Get your ass outside.

JaxParks Park Finder,

JaxParks Park Finder,

And you say there’s nothing to do in Jacksonville …

Instead of visiting each one (because that would take literally years), we’re going to take you through a few lesser-known jewels of the Bold City in no particular order.


 River Oaks Park 

Where? Corner of San Jose Blvd & Brookwood Rd

This park runs along a finger of the St. Johns. It’s shady and quiet. The trees keep the park hidden and block the sound from the cars running along Roosevelt. Music floats around the park from the houses right next door. I saw two Red-winged Blackbirds being chased by a hawk. The hawk kindly sat still long enough for me to take some pretty good pictures. It’s a nice park for a walkthrough and a picnic.

 Murray Hill Four Corners Park 

Where? 4602 Lawnview St

Lamboll Avenue and Lawnview Street cut the park into four corners. There’s enough space between the trees for a good game of frisbee. Because there are houses that surround the park, the only wildlife I saw was the infamous squirrel. If you want to have a good park day and get away from the Sunday Memorial Park crowd, this is the place to go.

 Mom’s Park 

Where? 2950 St. Johns Ave

This park is small, but it’s adorable. A stone path carves its way through the greenery. Handmade sculptures here and there decorate the path. A small gazebo sits next to the river, its inside completely decorated by mosaic. A giant oak’s arms look ready to embrace you. It’s the perfect park to walk your dog or sit and read. Maybe just watch the water for awhile.


 Jack Russell Park 

Where? 850 Seminole Rd

Jack Russell Park is a traditional park. It’s right behind Atlantic Beach City Hall and has all the amenities you’d imagine a park to have — tennis courts, a skate park, playgrounds, baseball diamonds, basketball courts and a pavilion with picnic tables. Great for families any day.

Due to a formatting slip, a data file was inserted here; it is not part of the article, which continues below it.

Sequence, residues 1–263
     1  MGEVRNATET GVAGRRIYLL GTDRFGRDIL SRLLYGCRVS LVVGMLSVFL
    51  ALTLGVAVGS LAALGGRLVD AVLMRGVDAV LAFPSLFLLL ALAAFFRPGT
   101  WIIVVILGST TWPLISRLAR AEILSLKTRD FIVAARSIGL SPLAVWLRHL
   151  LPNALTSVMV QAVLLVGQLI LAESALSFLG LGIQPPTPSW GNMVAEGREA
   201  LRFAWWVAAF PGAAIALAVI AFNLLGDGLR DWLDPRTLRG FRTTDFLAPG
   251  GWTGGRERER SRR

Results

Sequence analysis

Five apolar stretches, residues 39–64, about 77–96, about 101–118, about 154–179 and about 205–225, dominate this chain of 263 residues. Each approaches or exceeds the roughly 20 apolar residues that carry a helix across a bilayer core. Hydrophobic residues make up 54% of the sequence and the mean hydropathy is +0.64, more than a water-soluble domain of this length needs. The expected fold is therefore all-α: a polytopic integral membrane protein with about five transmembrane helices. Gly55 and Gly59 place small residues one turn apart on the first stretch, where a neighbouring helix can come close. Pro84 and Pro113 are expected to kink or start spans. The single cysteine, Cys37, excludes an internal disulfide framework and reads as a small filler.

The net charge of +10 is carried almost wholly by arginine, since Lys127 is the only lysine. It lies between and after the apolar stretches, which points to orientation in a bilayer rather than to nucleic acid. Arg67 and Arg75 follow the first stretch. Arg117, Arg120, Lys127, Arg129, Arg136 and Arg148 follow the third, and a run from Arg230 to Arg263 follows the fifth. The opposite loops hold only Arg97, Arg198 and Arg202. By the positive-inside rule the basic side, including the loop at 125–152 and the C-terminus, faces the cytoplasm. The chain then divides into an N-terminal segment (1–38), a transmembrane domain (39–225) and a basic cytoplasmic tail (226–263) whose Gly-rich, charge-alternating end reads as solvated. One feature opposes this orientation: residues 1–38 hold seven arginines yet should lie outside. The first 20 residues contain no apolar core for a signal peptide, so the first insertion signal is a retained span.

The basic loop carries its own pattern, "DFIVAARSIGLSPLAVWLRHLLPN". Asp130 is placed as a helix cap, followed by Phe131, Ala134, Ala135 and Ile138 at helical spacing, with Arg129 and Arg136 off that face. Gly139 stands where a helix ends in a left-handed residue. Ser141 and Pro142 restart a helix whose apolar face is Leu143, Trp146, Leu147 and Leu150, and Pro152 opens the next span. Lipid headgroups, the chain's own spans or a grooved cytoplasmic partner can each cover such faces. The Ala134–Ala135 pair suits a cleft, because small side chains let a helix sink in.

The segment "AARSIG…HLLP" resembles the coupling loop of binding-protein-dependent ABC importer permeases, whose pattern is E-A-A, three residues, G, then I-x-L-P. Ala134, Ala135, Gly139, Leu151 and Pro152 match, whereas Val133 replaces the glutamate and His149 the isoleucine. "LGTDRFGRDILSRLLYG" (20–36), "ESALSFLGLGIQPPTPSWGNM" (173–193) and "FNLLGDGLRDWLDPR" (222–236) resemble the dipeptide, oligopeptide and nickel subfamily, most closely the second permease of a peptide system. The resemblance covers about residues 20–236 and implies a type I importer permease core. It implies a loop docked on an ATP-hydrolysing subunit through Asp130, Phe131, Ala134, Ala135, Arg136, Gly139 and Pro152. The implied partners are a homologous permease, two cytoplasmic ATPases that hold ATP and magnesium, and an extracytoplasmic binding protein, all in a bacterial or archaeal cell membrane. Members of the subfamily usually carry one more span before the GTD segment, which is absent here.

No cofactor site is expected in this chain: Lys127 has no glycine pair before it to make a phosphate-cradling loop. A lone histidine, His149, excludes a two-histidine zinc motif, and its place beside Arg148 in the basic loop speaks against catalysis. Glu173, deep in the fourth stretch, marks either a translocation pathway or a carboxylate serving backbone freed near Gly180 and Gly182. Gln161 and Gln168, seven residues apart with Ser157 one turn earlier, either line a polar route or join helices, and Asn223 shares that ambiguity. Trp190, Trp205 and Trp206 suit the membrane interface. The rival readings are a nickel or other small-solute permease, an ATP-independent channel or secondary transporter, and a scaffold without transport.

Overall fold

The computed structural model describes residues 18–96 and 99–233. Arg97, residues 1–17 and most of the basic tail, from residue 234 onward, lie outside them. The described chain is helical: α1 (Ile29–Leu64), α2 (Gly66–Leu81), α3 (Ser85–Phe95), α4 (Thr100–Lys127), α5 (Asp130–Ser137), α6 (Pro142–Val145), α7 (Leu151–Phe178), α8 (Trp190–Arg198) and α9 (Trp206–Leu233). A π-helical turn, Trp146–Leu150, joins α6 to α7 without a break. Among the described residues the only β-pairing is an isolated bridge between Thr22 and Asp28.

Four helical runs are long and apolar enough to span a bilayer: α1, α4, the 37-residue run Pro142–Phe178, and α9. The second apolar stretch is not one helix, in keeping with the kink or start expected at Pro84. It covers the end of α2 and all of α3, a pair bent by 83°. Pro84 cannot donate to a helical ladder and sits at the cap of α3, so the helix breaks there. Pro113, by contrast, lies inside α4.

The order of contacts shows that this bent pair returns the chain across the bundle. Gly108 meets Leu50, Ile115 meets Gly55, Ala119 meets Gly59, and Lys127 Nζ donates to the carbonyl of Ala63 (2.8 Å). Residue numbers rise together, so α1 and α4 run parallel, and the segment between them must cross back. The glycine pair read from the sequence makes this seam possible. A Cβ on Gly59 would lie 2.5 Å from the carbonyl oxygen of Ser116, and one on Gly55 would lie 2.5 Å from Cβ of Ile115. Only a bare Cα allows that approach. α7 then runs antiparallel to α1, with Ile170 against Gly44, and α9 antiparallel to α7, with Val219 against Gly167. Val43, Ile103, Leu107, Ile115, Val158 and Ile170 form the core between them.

Howell Park 

Where? Corner of Seminole Rd & Palm Ave

Howell is right across Jack Russell Park from Seminole Road. I parked at City Hall and walked across the street, or you can get onto Palm Avenue from Seminole Road and park in a small dirt lot. This park was easy to get “lost” in, as there wasn’t a map of the trails and it seemed to constantly go in circles. That’s just because it criss-crosses over Sherman Creek. You can’t actually get lost because the trails are very well-marked. Wood beams run the length of the white shell trail, surrounded by giant palmettos.

 Dutton Island Preserve 

Where? 793 Dutton Island Road West

Dutton is so Florida. There are picnic tables, each with their own grill, at the entrance of the park. Then, a map that shows points of interest along the 1.4 mile loop trail. It’s a very wide, sandy trail that’s almost eerily quiet. The only clear space is the trail itself. The woods beside are filled to the brim with plants, but the tree cover makes most of the trail shady, which helps make the walk easier. Best part of the trail? BABY RACCOONS! I had been looking down at my camera and walking along the trail. I looked up and right in the middle of the trail were two tiny raccoons staring at me, their bushy tails barely showing any stripe. They bristled with every step I took, but would go back to foraging when I stopped. I kept expecting their mother to drop from the trees right onto my head. At one point I was barely two feet away from them. They could have jumped and crawled right up my leg.

 Cradle Creek Preserve 

Where? Corner of Fairway Lane & 15th St South

Most of the trails here are made from boardwalk because it runs through “bottomland swamps,” which is a type of hardwood forest. There is a map of the hiking trails, but they don’t specify how long they are. The first trail is a short walk to an observation deck that looks out into the Intracoastal Waterway. There was a peaceful breeze, and I could hear a woodpecker looking for lunch. It’s a perfect place to practice hiking.

All photos by Kalee Ball.